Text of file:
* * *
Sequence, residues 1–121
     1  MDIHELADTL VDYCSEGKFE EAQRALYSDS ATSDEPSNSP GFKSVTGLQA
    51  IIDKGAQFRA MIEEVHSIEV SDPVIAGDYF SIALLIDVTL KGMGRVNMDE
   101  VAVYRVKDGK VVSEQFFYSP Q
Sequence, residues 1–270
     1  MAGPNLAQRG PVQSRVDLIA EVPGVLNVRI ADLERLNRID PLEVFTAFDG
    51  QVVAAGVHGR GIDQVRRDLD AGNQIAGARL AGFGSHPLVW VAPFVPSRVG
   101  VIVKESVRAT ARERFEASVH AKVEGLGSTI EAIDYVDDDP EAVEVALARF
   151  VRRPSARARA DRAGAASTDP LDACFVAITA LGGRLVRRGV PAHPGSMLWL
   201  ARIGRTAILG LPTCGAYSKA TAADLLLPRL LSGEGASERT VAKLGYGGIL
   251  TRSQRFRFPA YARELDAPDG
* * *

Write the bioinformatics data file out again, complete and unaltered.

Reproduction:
Sequence, residues 1–121
     1  MDIHELADTL VDYCSEGKFE EAQRALYSDS ATSDEPSNSP GFKSVTGLQA
    51  IIDKGAQFRA MIEEVHSIEV SDPVIAGDYF SIALLIDVTL KGMGRVNMDE
   101  VAVYRVKDGK VVSEQFFYSP Q
Sequence, residues 1–270
     1  MAGPNLAQRG PVQSRVDLIA EVPGVLNVRI ADLERLNRID PLEVFTAFDG
    51  QVVAAGVHGR GIDQVRRDLD AGNQIAGARL AGFGSHPLVW VAPFVPSRVG
   101  VIVKESVRAT ARERFEASVH AKVEGLGSTI EAIDYVDDDP EAVEVALARF
   151  VRRPSARARA DRAGAASTDP LDACFVAITA LGGRLVRRGV PAHPGSMLWL
   201  ARIGRTAILG LPTCGAYSKA TAADLLLPRL LSGEGASERT VAKLGYGGIL
   251  TRSQRFRFPA YARELDAPDG